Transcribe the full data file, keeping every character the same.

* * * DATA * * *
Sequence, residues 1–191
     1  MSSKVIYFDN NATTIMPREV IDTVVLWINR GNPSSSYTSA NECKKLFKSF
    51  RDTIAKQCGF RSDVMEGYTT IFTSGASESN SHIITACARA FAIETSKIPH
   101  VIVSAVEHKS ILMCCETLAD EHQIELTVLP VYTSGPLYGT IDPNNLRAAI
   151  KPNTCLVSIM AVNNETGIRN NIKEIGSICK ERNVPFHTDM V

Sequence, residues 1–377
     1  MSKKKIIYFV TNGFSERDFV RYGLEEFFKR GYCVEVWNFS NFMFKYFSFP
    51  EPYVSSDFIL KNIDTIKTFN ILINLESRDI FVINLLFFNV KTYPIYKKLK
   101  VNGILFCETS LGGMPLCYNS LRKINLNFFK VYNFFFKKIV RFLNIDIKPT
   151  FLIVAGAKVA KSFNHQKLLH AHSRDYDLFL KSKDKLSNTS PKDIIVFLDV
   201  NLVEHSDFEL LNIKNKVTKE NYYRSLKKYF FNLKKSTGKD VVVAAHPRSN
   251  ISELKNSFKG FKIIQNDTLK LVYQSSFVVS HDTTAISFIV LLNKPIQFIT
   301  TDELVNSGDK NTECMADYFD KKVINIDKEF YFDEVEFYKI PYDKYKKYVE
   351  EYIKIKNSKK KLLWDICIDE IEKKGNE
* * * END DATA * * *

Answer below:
Sequence, residues 1–191
     1  MSSKVIYFDN NATTIMPREV IDTVVLWINR GNPSSSYTSA NECKKLFKSF
    51  RDTIAKQCGF RSDVMEGYTT IFTSGASESN SHIITACARA FAIETSKIPH
   101  VIVSAVEHKS ILMCCETLAD EHQIELTVLP VYTSGPLYGT IDPNNLRAAI
   151  KPNTCLVSIM AVNNETGIRN NIKEIGSICK ERNVPFHTDM V

Sequence, residues 1–377
     1  MSKKKIIYFV TNGFSERDFV RYGLEEFFKR GYCVEVWNFS NFMFKYFSFP
    51  EPYVSSDFIL KNIDTIKTFN ILINLESRDI FVINLLFFNV KTYPIYKKLK
   101  VNGILFCETS LGGMPLCYNS LRKINLNFFK VYNFFFKKIV RFLNIDIKPT
   151  FLIVAGAKVA KSFNHQKLLH AHSRDYDLFL KSKDKLSNTS PKDIIVFLDV
   201  NLVEHSDFEL LNIKNKVTKE NYYRSLKKYF FNLKKSTGKD VVVAAHPRSN
   251  ISELKNSFKG FKIIQNDTLK LVYQSSFVVS HDTTAISFIV LLNKPIQFIT
   301  TDELVNSGDK NTECMADYFD KKVINIDKEF YFDEVEFYKI PYDKYKKYVE
   351  EYIKIKNSKK KLLWDICIDE IEKKGNE